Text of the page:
It’s a mixed picture.  The legal effect of Article 13 is uncertain, and that “full regard” is not a legal standard that is well defined in case law. Even with this proviso in place, farming and research practices which inflict pain, suffering and distress on captive animals do not run foul of Article 13. Indeed, as the authors of the Briefing Note   point out, EU law permits some practices, such as the force-feeding of geese for foie gras production, which are not permitted in the UK for reasons relating to animal welfare. The authors of the report observe, unsurprisingly , that this provision has not engaged the interests of EU law enforcers:

there are no examples of the European Commission, or EU legislation, being successfully challenged in the EU Court of Justice for fail ing to give sufficient regard to animals’ welfare requirements.

Where we go from here

After Brexit we will no longer have Article 13 of the Treaty.  But this should not mean we continue selling our animals down the line.  Thank you to Animal Law for preempting this debate.

As the authors of the report point out, the focus on sentience is a distraction from the main issue.

The question as to whether an animal is sentient is a question of fact. It is nowadays a matter of undisputed scientific opinion that animals (or at least vertebrate animals) are sentient. It is inconceivable that a UK court would take the view that vertebrate animals are not sentient, or that UK law does not already recognise that animals are capable of suffering .

We need to fix things locally, particuarly with the pressure on planning authorities to authorise concentrated meat production on the US model. Nothing Article 13 would prevent such a development. But a specific obligation written into law, to pay full regard to the “welfare requirements of animals”, whilst not the best answer, at least provides a platform for better husbandry, sanctions for abuse, and pressure on food retailers to attend to the provenance of their meat.

After the UK ceases to be an EU Member State, it will no longer be bound by the Treaty and Article 13 will therefore cease to apply in the UK. As the Briefing Note points out, unless steps are taken to incorporate an equivalent measure into UK law, animals will therefore lose “a degree” of legal protection which presently applies to them. But importing Article 13 is not the answer. A key issue, say the authors of this report, is the difference between the mechanics of EU law and the way the common law and statutory law intermesh in the UK.  On animal sentience, the authors of the report point out that these kind of “non-operative” statements are common in EU law; they set out the purposes of the legislations operative provisions, providing reasons for requirements and prohibitions. But in the UK an act of parliament is entirely made up of operative provisions. Such an Act cannot declare certain facts to be true. Nor can a statute state the purpose of its operative requirements.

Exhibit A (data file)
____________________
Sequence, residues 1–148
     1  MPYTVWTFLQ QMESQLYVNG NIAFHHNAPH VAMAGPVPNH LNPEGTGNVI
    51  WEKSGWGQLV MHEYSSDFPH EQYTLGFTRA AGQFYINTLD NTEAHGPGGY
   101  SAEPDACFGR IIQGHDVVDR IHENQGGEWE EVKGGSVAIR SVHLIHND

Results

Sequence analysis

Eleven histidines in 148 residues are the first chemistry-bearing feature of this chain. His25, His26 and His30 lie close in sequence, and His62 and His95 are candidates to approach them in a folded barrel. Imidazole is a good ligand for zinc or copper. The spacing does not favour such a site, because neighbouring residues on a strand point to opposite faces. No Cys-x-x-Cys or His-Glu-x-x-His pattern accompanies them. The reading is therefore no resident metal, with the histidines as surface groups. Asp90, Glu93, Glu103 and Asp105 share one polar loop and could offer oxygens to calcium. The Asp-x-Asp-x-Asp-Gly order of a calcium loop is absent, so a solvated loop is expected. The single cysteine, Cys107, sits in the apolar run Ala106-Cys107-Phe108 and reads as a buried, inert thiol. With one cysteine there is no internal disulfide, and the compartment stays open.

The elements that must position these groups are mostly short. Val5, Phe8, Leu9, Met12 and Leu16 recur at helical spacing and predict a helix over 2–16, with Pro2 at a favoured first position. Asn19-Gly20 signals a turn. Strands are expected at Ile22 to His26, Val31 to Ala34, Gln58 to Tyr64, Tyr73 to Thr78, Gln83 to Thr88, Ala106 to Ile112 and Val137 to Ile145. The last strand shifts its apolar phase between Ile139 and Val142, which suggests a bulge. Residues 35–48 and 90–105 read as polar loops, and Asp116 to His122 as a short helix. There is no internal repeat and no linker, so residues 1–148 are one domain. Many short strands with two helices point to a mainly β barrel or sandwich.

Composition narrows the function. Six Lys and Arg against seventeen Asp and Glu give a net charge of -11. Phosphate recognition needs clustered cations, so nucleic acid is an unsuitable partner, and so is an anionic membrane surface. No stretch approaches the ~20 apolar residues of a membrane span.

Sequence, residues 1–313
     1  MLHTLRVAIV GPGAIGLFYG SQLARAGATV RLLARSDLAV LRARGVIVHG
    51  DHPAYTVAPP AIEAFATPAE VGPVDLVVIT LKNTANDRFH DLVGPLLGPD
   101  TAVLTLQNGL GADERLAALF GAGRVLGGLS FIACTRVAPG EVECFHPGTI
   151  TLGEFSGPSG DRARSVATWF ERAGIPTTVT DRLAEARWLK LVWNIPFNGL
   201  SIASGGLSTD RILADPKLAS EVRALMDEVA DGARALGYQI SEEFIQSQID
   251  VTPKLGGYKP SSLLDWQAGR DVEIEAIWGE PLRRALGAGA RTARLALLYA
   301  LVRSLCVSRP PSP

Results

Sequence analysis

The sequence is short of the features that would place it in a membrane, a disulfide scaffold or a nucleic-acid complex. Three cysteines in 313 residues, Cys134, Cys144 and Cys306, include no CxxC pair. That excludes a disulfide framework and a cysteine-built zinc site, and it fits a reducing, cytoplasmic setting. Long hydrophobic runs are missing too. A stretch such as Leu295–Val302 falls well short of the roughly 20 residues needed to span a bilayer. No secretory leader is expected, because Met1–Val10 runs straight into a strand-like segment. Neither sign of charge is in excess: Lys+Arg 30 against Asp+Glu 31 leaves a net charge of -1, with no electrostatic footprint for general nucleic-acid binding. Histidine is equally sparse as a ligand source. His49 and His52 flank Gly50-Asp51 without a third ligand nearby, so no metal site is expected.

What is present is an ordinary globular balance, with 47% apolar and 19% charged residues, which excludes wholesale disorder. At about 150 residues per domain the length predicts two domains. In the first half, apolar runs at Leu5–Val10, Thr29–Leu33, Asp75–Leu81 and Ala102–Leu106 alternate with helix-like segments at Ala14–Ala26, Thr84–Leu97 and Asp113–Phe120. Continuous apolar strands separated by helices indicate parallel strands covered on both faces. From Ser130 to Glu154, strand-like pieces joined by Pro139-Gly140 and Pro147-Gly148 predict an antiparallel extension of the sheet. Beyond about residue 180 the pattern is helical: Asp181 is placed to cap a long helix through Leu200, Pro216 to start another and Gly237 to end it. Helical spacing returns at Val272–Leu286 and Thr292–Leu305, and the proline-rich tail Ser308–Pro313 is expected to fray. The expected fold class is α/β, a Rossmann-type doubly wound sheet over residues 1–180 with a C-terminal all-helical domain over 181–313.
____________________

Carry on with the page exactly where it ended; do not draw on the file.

It would therefore be difficult to carry the words “since animals are sentient beings” directly into UK primary legislation. Thus, if it were thought appropriate for UK legislation to expressly recognise the sentiency of animals, then a way would need to be found to do this through an operative requirement, such as creating a statutory duty for public bodies to recognise animal sentience.

Such a move would be possible, say the authors of the report, by creating a duty on the UK government to pay full regard to the welfare requirements of animals when formulating and implementing policies. Indeed the UK parliament could go further than Article 13 by not carving out a caveat to protect religious practices such as slaughter without pre-stunning. One of the problems incidentally with NC30 – the amendment to the Withdrawal Bill tabled by Caroline Lucas MP  – is that it preserved this religious/cultural practices caveat.

More effective than a general recognition of sentience, argues the report, would be a statutory duty

to pay full regard to the need to ensure that animals are protected from pain, fear, hunger and distress, and are able to exhibit their natural behaviours

This duty could also be expressed in the statutory objectives of a new environmental protection commission, as suggested by Gove, with a remit that would include setting and improving animal welfare standards for farm animals and possibly also for animals in other settings.  As the report points out, the content of amendments to the Withdrawal Bill is a political question. The UK Centre Animal Law is an apolitical organisation and its proposals, quite rightly, express no position on the withdrawal of the UK from the EU. Far better to concentrate on the primary legislation that is to follow in post-Brexit Britain.